Baisakhi

6 min read
Posted on April 28, 2022

Baisakhi is one of the most enthusiastically celebrated festivals by Sikhs, across the world. It marks the time of harvest of the Rabi crop and is known as the festival of Harvest in Punjab. Baisakhi gets its name from ‘Visakha’, the first day of the first month of the Solar calendar. As per the Gregorian calendar, it falls in April. It marks the beginning of spring and harvest time.

Baisakhi

Baisakhi is a major festival of the Sikh community. It defines the birth of Khalsa hierarchy by Guru Gobind Singh, the tenth guru of Sikhs. It was laid down on the 30th of March, 1699. Baisakhi also has the memory of the Jallianwala Bagh massacre attached to it, as it was on the Baisakhi of 1919, that General Reginald Dyer ordered troops to shoot innocent people gathered at Jallianwala Bagh. This day is celebrated by visiting Gurudwara, holding kirtans, organizing nagar kirtan processions and community fairs. Men, women and children wear traditional clothes and the environment looks colorful and vibrant with various beautiful colors. They also perform the traditional dances called Bhangra and Gidda. Bhangra is performed by men while gidda, by women. It is also called Vaisakha Sankranti according to Hindu Vikram Samvat calendar and is known by different names in different parts of the country. As per Hindu traditions, people take bath in holy rivers like Ganga, Kaveri, Jhelum etc., visit temples, make donations, meet friends and participate in community fairs. People mostly donate fans, fruits and water pitchers during this festival. The new year festivals of other regions that coincide with Baisakhi are Bohag Bihu, Vishu, Pohela Boishakh, Puthandu, Ugadi and many more.

DEITIES ASSOCIATED WITH THE FESTIVAL:

The festival is celebrated in different ways by people from different beliefs and religious systems. Maharashtrians pay respect to their ancestors on this day, while in Central and Northern India, Kul Devtas or Family gods are worshipped. In Urban areas, temples of Bhagwan of Shri Ganesha and Maa Lakshmi are crowded on this day. Some people also worship Surya Devta on this day. For the Sikh community, it is a day to celebrate and pay respect to Khalsa Panth created by Guru Gobind Singh.

ORIGIN AND SIGNIFICANCE:

The heritage of Baisakhi festival and its religious significance dates back to the year in 1699, when the tenth Guru of Sikhs, Shri Guru Gobind Singh laid the foundation of the Khalsa Panth – ‘order of the pure ones’, who were ready to fight and guard religious freedom.  Guru Gobind Singh ji came out of his tent with a sword in his hand and challenged any Sikh who is ready to give his life to protect Sikhism. The first five volunteers were Daya Singh, Dharam Singh, Himmat Singh, Mohkam Singh and Sahib Singh. They were baptized and given the title ‘panj pyare’. He laid down the custom of carrying the five Ks, Keski (a turban), Kunga (a comb), Kada (an iron or steel bracelet), Kacchera (an undergarment) and Kirpan (a small dagger). These are five significant items that relate to the religion of Sikhs.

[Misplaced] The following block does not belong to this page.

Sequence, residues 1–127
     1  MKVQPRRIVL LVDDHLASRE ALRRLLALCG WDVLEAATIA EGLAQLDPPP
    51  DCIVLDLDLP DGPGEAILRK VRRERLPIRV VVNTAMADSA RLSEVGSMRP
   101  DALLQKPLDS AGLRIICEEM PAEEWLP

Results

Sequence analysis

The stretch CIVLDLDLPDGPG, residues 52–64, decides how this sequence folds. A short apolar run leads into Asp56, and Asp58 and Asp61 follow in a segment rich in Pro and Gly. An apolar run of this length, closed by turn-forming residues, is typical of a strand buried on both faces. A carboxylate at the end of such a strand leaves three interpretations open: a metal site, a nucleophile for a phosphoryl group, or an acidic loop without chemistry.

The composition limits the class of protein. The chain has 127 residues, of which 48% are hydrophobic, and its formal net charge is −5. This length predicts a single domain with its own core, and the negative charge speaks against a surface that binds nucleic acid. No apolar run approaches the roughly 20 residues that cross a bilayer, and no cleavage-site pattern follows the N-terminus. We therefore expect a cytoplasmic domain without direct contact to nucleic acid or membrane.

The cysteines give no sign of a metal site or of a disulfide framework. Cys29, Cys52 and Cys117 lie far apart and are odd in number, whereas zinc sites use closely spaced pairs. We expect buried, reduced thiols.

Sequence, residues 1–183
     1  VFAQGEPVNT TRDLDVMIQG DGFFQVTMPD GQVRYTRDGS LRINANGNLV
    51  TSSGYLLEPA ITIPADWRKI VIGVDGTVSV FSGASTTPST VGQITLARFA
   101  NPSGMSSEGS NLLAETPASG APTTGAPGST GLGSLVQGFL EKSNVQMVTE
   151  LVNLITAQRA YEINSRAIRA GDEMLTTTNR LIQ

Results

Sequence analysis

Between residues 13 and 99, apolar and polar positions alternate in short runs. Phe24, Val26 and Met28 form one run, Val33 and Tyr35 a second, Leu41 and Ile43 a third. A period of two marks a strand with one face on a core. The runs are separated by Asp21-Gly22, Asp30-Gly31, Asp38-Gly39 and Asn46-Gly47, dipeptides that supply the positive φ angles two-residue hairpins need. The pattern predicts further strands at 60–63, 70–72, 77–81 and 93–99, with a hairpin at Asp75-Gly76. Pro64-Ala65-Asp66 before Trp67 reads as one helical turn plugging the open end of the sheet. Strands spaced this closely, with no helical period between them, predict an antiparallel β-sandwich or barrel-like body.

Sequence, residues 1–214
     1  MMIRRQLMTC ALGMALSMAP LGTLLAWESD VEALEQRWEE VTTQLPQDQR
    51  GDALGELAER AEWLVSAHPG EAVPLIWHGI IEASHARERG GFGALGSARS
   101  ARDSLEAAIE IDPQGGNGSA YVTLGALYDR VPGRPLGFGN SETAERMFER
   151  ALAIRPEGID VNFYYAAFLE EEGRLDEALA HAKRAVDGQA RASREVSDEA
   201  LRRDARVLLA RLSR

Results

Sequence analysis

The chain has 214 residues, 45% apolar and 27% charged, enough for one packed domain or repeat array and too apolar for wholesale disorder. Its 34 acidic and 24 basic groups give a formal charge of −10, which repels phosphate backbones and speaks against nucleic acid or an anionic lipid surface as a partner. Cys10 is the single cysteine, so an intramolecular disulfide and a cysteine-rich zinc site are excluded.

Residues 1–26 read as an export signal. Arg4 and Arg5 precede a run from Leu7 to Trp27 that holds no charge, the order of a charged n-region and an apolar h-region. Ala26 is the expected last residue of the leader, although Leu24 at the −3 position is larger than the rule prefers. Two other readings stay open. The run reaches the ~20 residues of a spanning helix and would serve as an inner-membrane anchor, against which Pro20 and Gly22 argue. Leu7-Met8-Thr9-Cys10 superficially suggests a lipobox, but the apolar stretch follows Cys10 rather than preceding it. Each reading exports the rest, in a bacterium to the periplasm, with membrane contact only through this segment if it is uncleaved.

As per Mahabharata, Pandavas, at the time of their exile reached Katraj Tal. They were thirsty and went near the pond to quench their thirst, excluding Yudhishthira, the eldest. All the four brothers, Bhima, Arjuna, Nakula and Sahadev, died after drinking water, despite the refusal by Yaksha to drink the water. Yudhishtir then went in search of his brothers and reached that pond. When he saw his brothers lying dead, he understood that there is some energy element that presides over the pond. He asked the energy to appear before him and suggest a way to bring his brothers back to life. Yaksha came and challenged Yudhishthira, who was known for his righteousness and justice, to answer his questions and declared that if Yudhishthira succeeds in answering his questions, he will bring any one of his brothers to life. Yudhishthira gave answers to all the questions, Yaksha got pleased with him and asked if he wanted any one of his brothers alive. On this Yudhishthira replied that he wanted Sahdev back. The reason Yudhishthira gave on this is that one son of Mata Mudri should also live along with one son of Mata Kunti. Yaksha was pleased with the true righteousness of Yudhishthira and gave life to all of his four brothers. Since then, a grand fair has been organized at the same place with sacred bathing and the celebration of the Baisakhi festival started.

According to Hindu scriptures, Ma Ganga appeared on Earth on Baisakhi. Hence, it is celebrated in her honour and people take a dip in Ganga and other holy centres around it. It is celebrated as a day on which Arya samaj foundation is laid.

This day is of great significance to followers of Buddhism also, as it is believed that on this day, Bhagwan Buddha attained Nirvana in Gaya. It is celebrated as Buddha Purnima in some parts of the country as a guide towards spiritual enlightenment.